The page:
Maryland has a variety of theft crimes, which share the same penalty structure. The maximum sentence varies with the value of the property involved, but can also depend on the number of prior convictions for theft crimes. The sort of theft crime committed does not change the maximum sentence at all. For example, someone who possesses stolen property worth $7,000 could be charged with a felony and would be subject to the same maximum sentence as the person who stole that property. Also, part of the penalty for all Maryland theft crimes is that either the stolen property, or the value of the property or services must be returned to the rightful owner.
Sometimes the same crime is charged more than one way when the value is uncertain. For example, you may be charged with theft between $100 and $1500, and theft under $100. It can be a way for the police to let the prosecutor decide how much they think the item should be worth. Also, this is sometimes done out of habit because the law used to be written in such a way as to give the prosecutor unfettered discretion to choose between theft under $100 and the next higher offense, theft under $1000, no matter what the value is, but that has not been the law since late 2016. As it stands now, the State has to prove that the amount is over $100 for the higher value theft offense, with any doubt resolved in favor of the defendant.
When the charge is on a value of less than $100, the maximum penalty is 90 days and $500 dollars. When the charge is on a value of between $100 and $1500, the maximum varies depending on the number of prior theft convictions. If you have no prior theft offenses, the maximum penalty is 6 months and $500 dollars. If you have one or more prior convictions, the maximum penalty is 1 year and $500. If you have four or more prior theft convictions, of any value, the maximum penalty is 5 years and $5000. If you are convicted of theft for failure to pay for motor fuel after dispensing it, your license may also be suspended, in addition to the regular theft penalties that may be imposed. Irrespective of which crime the prosecutor chooses to charge, or how many prior theft offenses you may have, if the value of the item involved is less than $1,500, the crime is a misdemeanor.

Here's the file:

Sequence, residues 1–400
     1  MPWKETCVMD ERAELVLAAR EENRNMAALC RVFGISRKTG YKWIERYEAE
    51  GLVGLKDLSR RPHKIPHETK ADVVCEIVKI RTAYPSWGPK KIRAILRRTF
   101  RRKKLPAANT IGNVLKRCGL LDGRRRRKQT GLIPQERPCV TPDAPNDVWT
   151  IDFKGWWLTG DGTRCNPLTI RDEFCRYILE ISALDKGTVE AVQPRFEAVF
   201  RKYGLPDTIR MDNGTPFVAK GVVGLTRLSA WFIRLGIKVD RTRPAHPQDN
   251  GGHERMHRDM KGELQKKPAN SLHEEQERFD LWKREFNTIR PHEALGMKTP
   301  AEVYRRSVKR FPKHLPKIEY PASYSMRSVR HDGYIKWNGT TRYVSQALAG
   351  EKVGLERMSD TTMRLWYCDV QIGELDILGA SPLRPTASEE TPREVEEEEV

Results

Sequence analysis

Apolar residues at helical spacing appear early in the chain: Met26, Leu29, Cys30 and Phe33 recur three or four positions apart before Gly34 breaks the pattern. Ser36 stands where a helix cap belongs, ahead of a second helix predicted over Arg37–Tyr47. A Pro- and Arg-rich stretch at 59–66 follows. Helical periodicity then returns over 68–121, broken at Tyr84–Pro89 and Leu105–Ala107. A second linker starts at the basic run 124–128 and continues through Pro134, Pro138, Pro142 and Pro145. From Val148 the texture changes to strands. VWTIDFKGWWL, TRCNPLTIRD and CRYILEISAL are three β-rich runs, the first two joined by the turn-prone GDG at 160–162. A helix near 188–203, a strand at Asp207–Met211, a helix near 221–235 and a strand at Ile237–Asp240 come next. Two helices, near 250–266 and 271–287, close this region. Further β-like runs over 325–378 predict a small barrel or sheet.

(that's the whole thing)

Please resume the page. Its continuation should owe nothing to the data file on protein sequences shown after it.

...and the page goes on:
When the value passes $1500, theft crimes become felonies. Unlike the case below $1500 dollars, there is a minimum value that must be proven for conviction of each crime. The penalties are tiered. Between $1500 and $25,000, you could be sentenced to up to 5 years and fined $10,000. Between $25,000 and $100,000 you could be sentenced to up to 10 years, and fined $15,000. If the amount is $100,000 or more, you could be sentenced to as much as 20 years, and fined $25,000.
Burglary involves breaking and entering, and comes in different degrees relating to intent and the place entered. Breaking and entering someone else’s home with the intent to commit theft is burglary in the first degree, a felony that carries a maximum sentence of 20 years.
If you have been charged with a theft or a related crime, you need a lawyer that can vigorously defend you. I have years of experience successfully defending people against these serious charges. Call me at (301) 556‑8709 today so that we can start making your case a success.